Madness before the show. Akademietheater is packed to the rooftops. The lobby a mob-scene of the Vienna and Impulstanz dance worlds. It seems the Icelandic Dance Company‘s We are all Marlene Dietrich FOR is the most waited for show.
The curtain is wide open and the action underway when the doors open. The theatre had been stripped to the bare walls.
A drum set in the middle back of the stage. A couple wrestling on the back right corner of the stage. A woman walking upside down on her hands at the left of the stage. Two provocatively dressed women pace back and forth at the front of the stage examining spectators with penetrating eyes.
A man crosses the stage in woman’s shoe. He climbs a ladder to the balcony.
A rousing dance and singing number. The two front women urge the whole audience to follow suit. Double clap. Push both arms over your head twice. A hip thrust. Repeat. Over ninety percent of the audience participate.
A light-skinned black chap (Peter Anderson) with a British accent starts to talk about the posting of American soldiers to Iceland. The Icelanders didn’t like their daughters mixing or exchanging gifts with the American soldiers. He explained how the daughter of one of them – named Cynthia Wood – appeared in Apocalypse Now as a Bunny Girl.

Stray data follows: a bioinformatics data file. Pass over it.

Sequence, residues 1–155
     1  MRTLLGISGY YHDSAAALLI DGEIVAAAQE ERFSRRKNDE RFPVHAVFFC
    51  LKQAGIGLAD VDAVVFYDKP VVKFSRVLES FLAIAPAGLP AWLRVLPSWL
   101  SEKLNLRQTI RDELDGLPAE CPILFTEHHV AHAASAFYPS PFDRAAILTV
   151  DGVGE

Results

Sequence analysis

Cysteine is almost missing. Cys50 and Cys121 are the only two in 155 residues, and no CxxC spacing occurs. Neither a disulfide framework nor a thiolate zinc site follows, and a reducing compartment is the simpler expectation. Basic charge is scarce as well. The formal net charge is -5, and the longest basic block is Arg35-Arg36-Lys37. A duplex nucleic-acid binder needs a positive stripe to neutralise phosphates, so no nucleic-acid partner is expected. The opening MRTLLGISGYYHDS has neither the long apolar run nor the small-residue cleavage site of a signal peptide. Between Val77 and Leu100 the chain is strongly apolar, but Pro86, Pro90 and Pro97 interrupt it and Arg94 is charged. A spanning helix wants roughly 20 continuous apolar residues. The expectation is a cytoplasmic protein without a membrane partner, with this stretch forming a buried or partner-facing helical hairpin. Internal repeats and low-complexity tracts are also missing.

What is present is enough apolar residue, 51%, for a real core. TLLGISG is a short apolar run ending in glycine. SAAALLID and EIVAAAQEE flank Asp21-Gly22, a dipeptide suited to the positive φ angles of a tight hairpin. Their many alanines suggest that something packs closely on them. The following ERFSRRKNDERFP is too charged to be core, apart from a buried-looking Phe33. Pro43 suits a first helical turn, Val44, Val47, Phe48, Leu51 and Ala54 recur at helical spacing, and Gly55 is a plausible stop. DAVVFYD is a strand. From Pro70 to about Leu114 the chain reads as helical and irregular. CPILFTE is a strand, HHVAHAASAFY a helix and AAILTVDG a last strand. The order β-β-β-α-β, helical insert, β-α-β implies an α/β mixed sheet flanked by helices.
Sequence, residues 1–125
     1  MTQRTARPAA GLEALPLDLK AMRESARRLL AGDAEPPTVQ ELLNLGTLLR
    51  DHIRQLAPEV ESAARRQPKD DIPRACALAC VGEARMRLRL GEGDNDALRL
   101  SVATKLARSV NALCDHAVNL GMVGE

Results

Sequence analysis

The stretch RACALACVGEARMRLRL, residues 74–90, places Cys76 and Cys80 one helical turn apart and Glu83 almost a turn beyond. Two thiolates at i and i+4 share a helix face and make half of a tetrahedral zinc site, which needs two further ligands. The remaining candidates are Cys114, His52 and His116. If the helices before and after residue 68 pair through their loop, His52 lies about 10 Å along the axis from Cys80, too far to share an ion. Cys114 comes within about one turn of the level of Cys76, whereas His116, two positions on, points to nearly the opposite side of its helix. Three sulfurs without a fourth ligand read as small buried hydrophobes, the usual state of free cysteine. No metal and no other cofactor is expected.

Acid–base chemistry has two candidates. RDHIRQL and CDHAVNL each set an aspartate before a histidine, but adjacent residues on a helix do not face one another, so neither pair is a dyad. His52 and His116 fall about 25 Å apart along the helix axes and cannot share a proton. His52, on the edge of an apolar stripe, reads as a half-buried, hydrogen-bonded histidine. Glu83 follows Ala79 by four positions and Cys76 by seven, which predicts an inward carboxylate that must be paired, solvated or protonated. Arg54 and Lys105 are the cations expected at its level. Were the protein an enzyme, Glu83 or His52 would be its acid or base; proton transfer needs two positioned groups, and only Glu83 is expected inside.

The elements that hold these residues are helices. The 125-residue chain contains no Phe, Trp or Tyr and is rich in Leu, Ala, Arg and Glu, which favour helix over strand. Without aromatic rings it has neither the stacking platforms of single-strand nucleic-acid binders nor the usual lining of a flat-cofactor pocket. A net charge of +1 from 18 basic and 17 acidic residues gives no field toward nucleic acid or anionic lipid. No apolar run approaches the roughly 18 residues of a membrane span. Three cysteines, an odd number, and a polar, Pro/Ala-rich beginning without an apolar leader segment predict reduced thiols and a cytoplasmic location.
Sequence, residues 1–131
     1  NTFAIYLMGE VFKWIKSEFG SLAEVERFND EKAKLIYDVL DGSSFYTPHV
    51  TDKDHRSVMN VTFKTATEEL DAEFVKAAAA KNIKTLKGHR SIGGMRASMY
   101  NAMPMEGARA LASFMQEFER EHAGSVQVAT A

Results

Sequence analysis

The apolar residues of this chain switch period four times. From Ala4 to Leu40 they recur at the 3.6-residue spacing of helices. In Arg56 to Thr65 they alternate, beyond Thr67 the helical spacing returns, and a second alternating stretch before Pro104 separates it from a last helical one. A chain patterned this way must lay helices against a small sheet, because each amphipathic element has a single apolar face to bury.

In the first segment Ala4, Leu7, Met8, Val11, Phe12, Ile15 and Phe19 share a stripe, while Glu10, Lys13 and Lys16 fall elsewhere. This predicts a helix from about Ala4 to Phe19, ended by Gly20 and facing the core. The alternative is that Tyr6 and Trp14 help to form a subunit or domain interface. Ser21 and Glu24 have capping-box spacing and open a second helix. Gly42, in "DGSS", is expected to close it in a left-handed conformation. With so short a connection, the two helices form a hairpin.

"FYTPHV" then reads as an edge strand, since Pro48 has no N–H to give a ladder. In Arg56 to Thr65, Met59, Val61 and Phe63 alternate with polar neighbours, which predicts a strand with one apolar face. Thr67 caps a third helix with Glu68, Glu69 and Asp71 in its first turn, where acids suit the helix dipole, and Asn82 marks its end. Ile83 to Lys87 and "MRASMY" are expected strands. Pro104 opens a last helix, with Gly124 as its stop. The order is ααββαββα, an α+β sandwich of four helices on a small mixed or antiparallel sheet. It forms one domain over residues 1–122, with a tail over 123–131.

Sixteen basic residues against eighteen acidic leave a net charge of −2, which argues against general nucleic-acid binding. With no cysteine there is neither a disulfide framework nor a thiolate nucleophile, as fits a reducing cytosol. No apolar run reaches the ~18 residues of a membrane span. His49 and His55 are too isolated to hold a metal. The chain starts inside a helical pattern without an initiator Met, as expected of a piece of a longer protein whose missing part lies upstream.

Her own daughter now appears before us, introduces herself as Rala (co-choreographer Erna Ómarsdóttir):
I like soldier and they like me.
I like uniforms but I don’t like fighting
and I don’t like violence.
Out strides a guy in his late twenties with a mop of pale blond hair and enormous white fur jacket (Flemish dancer Diederik Peeters).
Imagine that there is no heaven.
Imagine that there are no deadlines, no more time pressure, no more aging.
Timeless existence, all the people living for today.
While he speaks the others dance pressed up against the back wall.
Now Erna Ómarsdóttir sits in the middle of the stage and begins to kiss herself vociferously with obscene mouth. She begins to perform head on her own hand, moving on to fist fuck her own face and then rolls all over the stage kissing it all. Ómarsdóttir and another dancer start to move around the stage in full splits bouncing up and down. It looks all the world like they are having sex with the floor.